Practically overnight, companies have developed work from home (WFH) capabilities with flexible schedules to help combat the spread of COVID-19 and protect employees. For some employers, flextime policies and procedures were built on the fly given the current crisis. For others, you had already been offering more flexibility in response to growing demand over the last decade. Make the most of your mandatory WFH lock down to reflect on what’s working, what could be improved and what portions you’d like to continue. By constantly evolving amid changing dynamics, you protect your company and boost employee productivity.
What is a flexible work policy?
Industries are breaking from the 9-to-5 routine and giving employees greater freedom in deciding their working hours. A flexible work schedule differs from a company’s traditional start and end times. Employees discuss their proposed flextime schedule with the team to make sure job responsibilities and client needs can still be met. If feasible, another component of a flexible work policy is allowing employees to work remotely. Whether working from home or their local coffeeshop, employees get to choose where they work best.
Why offer a flexible work schedule?
There are substantial benefits for companies encouraging flextime. First off, it signals implicit trust. This can be liberating for employees who feel pressure from unspoken expectations to put in “face time.” That energy can be better used in achieving outcomes. A flextime focus also recognizes that employees are unique. Morning people may relish starting work at 6am, whereas night owls don’t hit their stride until much later. Giving employees the option to work during their most productive dayparts and adjusting for family/social obligations inspires a more satisfying work/life balance. In general, employees feel less stress, enhanced wellbeing and higher job satisfaction when they can modify their work schedules rather than taking a vacation day. Employers enjoy increased retention, higher productivity, reduced absenteeism and happier employees.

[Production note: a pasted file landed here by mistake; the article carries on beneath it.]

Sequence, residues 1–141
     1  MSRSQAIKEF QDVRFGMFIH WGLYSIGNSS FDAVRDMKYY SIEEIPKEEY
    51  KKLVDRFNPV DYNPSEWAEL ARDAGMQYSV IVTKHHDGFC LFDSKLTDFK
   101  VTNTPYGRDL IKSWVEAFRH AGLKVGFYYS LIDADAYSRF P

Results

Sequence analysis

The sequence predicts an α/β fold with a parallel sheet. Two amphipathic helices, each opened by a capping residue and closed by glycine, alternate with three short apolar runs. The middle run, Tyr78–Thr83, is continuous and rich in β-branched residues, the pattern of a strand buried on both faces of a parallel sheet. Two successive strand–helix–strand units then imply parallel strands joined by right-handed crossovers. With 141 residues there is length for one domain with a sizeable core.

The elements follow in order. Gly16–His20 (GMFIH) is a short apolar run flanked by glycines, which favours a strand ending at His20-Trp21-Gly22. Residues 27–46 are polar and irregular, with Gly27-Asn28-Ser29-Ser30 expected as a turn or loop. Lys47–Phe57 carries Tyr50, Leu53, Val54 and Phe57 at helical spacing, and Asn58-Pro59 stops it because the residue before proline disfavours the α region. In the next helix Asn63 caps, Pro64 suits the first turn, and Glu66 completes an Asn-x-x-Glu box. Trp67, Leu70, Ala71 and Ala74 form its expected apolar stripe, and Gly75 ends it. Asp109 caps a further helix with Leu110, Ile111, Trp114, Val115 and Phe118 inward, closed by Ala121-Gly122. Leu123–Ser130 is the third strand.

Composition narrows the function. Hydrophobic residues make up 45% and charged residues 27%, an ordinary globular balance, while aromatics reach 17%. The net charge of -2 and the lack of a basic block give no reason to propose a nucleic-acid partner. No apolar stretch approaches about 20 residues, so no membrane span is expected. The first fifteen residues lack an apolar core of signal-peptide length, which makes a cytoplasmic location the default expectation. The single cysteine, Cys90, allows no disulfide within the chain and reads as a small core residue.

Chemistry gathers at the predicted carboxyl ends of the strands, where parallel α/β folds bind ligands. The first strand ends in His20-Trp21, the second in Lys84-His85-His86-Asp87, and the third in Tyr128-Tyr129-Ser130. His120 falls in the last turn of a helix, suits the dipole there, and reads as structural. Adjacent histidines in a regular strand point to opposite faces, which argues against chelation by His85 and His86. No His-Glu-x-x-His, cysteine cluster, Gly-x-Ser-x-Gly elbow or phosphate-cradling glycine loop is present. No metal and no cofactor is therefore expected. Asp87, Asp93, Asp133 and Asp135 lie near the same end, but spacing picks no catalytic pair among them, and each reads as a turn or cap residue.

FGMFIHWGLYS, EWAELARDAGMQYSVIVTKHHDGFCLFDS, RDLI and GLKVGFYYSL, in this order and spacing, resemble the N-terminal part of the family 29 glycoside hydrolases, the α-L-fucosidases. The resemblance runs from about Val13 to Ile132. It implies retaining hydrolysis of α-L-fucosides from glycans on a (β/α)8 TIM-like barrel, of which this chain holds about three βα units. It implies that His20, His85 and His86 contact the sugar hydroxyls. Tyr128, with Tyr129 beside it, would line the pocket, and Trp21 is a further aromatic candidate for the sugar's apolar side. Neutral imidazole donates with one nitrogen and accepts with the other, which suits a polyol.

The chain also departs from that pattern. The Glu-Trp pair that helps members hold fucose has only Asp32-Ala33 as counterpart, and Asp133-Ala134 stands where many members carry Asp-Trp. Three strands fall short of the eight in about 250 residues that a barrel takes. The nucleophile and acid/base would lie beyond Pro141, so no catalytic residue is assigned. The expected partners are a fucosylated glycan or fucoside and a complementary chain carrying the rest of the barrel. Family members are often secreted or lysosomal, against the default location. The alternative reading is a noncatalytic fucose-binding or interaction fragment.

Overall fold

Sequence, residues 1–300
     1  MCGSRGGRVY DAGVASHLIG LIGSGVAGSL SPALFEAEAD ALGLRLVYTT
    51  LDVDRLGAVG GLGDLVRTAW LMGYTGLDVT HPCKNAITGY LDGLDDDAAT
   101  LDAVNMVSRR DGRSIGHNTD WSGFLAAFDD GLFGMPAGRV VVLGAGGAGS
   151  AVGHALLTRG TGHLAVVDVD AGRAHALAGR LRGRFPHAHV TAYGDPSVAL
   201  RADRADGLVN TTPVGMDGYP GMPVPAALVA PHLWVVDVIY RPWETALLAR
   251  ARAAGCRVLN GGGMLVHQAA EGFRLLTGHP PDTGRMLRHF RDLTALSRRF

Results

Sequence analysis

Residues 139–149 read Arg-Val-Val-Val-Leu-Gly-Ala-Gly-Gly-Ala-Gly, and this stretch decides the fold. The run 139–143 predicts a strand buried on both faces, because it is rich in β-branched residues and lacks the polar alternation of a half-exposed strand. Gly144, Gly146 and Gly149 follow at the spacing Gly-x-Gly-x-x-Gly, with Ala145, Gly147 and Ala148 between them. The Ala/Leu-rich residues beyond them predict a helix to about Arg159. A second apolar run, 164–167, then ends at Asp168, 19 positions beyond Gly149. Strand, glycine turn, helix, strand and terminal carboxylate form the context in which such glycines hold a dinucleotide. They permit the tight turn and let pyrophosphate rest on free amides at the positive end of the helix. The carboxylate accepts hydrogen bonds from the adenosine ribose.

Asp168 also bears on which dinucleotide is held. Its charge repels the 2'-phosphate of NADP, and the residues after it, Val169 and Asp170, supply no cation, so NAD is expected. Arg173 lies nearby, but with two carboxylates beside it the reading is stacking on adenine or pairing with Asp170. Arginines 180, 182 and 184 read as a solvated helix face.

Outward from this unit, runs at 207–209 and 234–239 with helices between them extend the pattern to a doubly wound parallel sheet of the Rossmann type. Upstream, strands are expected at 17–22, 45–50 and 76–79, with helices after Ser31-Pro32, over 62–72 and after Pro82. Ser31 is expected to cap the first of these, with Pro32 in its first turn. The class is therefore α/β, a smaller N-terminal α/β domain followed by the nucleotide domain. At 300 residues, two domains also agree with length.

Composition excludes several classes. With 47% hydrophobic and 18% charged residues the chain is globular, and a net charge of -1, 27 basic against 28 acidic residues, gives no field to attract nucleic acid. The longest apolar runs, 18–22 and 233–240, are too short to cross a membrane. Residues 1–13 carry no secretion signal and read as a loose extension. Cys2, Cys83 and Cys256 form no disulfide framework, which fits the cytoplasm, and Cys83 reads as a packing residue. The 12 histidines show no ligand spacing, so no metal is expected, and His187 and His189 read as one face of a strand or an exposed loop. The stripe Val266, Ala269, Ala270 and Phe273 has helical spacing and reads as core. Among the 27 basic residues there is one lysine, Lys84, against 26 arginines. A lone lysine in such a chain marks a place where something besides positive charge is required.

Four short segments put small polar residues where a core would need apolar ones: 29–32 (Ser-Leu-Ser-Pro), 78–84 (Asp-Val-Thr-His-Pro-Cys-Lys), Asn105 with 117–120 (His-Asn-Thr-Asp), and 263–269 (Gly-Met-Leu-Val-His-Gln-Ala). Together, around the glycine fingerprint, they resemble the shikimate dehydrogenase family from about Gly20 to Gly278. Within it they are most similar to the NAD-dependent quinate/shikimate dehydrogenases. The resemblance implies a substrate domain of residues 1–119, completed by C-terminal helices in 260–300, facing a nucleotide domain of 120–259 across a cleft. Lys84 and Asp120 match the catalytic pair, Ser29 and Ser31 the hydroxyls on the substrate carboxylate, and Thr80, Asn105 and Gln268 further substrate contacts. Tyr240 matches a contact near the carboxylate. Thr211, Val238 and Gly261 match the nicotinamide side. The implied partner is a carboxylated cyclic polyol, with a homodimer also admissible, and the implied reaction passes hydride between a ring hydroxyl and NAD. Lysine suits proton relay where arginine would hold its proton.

The challenges of flextime
In our experience, it’s better to anticipate challenges and weigh them against the benefits. With different time zones and calendars, scheduling meetings is a common logistical hurdle with flexible schedules. Ask meeting organizers to carefully consider mandatory and optional attendance requirements. Communication modes change as well. If someone comes in later, you can’t just drop by for your morning coffee chat. As many teams are discovering during COVID-19, it can be harder to bond remotely as a team. From virtual Zoom coffee breaks to online group games, there are many imaginative ways to connect authentically. Keep an ongoing list of team favorites. Don’t forget to schedule recurring check-ins with employees. Whether a flexible or traditional schedule, remote or on-site, employees like to know you care and it keeps them from feeling sidelined from promotion opportunities.
Tips for developing a flexible work policy